Prime Roots, a US manufacturer of plant-based deli meats, has taken its funding to date to $50m with a Series B round from an investor consortium.

The Berkeley, San Francisco-based start-up, which produces charcuterie from mycelium of the koji fungi, has received $30m in the latest financing package.

Mondi Nissin, the Philippines-headquartered food business and owner of the Quorn vegan brand, contributed to the funding, along with venture capital investors True Ventures, Pangaea Ventures, Prosus Ventures, Diamond Edge Ventures, SOSV/IndieBio, Solasta Ventures and Alumni Ventures.

Investment manager Top Tier Capital, Gaingels, Meach Cove Capital, The House Fund, and Hyphen Capital also took part.

Set up in 2017 by Berkeley students Kimberlie Le and Joshua Nixon initially as Terramino Foods, Prime Roots supplies charcuterie alternatives such as turkey, ham, salami and pepperoni. It also makes bacon, pâté and foie gras. Customers include deli outlets and foodservice clients.

“People are asking for sustainable meat options that taste good, make them feel good and do good with less planet impact. Prime Roots delivers on all three: taste, nutrition and sustainability,” CEO Le said in a statement.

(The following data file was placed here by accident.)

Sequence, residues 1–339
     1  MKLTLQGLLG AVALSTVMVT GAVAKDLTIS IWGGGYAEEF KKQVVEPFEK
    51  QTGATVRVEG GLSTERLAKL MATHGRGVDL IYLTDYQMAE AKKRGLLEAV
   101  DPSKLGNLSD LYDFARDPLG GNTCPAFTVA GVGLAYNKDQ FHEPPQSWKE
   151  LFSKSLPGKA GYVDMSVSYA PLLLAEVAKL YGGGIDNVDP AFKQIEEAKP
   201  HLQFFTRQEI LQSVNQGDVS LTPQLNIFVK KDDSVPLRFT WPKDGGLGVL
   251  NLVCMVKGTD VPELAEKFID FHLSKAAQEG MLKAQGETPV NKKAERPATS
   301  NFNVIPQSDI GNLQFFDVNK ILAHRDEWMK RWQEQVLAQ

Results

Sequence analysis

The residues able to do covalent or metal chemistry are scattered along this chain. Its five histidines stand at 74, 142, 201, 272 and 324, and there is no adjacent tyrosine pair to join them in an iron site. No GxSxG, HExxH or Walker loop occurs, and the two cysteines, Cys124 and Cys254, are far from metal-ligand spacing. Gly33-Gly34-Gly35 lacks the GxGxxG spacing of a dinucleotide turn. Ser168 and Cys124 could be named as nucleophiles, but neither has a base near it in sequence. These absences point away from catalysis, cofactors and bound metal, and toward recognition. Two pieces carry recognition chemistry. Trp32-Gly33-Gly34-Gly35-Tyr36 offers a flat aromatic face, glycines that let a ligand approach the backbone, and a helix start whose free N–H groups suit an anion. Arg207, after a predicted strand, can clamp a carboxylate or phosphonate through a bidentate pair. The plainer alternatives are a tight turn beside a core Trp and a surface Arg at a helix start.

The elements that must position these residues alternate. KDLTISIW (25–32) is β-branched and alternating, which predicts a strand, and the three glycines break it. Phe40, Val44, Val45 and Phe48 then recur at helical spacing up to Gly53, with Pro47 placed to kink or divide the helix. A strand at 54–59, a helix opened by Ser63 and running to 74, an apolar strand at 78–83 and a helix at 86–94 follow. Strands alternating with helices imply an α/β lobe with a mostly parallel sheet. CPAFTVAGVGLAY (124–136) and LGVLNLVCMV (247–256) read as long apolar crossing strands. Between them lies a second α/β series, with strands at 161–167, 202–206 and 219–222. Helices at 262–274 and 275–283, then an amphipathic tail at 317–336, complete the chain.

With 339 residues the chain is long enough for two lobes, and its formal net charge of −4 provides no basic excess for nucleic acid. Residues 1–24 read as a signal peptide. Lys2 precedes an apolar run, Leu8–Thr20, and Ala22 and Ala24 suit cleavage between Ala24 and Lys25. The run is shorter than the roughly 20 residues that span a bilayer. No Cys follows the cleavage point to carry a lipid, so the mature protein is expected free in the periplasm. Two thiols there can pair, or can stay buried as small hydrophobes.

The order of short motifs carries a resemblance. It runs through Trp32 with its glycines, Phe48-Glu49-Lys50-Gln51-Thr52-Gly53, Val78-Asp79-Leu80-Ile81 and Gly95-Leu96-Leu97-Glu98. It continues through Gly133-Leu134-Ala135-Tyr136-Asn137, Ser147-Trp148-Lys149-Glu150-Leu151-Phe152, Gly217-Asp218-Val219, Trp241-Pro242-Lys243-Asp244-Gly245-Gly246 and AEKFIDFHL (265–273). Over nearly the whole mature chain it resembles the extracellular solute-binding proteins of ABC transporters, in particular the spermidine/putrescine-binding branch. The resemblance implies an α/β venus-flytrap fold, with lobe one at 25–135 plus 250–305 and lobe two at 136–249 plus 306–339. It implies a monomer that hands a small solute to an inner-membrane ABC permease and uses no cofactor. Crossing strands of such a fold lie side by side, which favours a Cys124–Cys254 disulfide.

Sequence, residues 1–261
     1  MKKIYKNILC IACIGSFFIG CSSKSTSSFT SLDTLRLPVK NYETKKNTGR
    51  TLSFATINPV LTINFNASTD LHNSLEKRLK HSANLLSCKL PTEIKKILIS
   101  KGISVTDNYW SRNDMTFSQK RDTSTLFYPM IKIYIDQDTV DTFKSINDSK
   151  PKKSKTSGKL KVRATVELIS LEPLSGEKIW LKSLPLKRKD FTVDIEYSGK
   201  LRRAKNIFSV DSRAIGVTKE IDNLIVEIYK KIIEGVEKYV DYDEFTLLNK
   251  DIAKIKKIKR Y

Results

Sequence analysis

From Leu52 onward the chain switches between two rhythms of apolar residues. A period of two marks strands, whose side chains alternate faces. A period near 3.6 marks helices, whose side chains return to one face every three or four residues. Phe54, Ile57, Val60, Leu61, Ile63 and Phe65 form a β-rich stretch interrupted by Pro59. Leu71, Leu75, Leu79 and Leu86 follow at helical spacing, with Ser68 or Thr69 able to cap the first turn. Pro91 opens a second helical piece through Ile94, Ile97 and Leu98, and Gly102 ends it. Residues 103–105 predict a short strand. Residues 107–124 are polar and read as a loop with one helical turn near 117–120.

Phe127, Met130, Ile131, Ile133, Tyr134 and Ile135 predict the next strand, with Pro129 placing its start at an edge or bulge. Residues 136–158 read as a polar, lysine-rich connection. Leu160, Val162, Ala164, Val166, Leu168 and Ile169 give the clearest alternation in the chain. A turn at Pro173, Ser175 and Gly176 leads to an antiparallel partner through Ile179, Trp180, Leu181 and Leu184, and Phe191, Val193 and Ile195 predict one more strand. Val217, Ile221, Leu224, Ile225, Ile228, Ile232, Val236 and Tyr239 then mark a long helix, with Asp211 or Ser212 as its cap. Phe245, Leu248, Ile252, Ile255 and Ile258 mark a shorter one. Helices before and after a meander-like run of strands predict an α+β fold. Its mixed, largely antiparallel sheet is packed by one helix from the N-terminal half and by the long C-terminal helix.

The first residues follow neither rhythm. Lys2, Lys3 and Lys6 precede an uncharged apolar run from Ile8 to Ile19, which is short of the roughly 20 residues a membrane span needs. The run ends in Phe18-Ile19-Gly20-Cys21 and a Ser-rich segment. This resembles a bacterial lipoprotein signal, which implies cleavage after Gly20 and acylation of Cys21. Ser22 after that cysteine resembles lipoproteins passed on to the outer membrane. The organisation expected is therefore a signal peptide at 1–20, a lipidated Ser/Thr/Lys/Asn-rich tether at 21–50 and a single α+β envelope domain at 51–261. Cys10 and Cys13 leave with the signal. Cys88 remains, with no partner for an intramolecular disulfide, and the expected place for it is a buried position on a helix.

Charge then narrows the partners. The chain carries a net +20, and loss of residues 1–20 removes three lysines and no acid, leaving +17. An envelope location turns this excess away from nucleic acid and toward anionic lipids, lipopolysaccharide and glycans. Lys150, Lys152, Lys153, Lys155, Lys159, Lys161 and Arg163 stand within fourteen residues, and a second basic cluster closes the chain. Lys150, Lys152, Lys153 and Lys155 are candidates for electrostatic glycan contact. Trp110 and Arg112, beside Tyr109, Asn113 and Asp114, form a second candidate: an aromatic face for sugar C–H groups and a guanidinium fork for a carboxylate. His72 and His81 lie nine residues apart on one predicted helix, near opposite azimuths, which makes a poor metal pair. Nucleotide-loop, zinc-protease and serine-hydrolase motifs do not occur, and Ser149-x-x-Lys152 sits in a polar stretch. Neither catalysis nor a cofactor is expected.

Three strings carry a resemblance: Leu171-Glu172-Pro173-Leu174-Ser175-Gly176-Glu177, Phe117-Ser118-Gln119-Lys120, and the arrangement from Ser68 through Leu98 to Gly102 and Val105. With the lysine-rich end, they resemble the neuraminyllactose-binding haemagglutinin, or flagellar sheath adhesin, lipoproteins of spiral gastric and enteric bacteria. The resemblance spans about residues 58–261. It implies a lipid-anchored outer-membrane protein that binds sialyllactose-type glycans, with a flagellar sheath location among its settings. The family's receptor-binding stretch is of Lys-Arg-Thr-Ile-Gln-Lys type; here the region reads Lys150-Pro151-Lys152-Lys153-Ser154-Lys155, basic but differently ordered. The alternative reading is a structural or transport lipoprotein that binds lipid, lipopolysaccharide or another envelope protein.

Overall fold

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“This new funding is a testament to the market opportunity for the next generation of plant-based meats that meet consumer expectations, while forging into old world categories like deli with disruptive innovation.”

Prime Roots said its products offer an umami taste and contain no nitrates, preservatives, cholesterol, soy or wheat.

The start-up has secured the funding despite a slowing in growth for plant-based meats in the US.

Investor Monde Nissin revealed in April, when it issued 2022 annual results, that the company took an impairment charge equivalent to $377m related to its own meat-alternatives business.

Monde Nissin cited various “challenges” across its markets, from the dissipating “hype” in the US and inflationary headwinds weighing on consumers’ purchasing habits in the UK.

Quorn CEO Marco Bertacca, presenting the results alongside Monde Nissin CEO Henry Soesanto, said the meat-free category in the US was “challenged” and the “overall market has declined”.

Similar to Prime Roots, Quorn, which is housed under Marlow Foods, uses a mycoprotein derived from fungi and produced through a precision fermentation process. Last month, Monde Nissin revealed it had set up a new division – Marlow Ingredients – to supply mycoprotein to other food manufacturers, starting in Europe.